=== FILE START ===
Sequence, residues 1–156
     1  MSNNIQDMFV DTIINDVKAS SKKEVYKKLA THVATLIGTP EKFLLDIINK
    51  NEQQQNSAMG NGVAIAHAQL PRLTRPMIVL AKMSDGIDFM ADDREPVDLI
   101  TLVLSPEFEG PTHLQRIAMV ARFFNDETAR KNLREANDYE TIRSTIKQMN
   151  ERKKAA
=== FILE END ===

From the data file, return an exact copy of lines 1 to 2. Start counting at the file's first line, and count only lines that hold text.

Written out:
Sequence, residues 1–156
     1  MSNNIQDMFV DTIINDVKAS SKKEVYKKLA THVATLIGTP EKFLLDIINK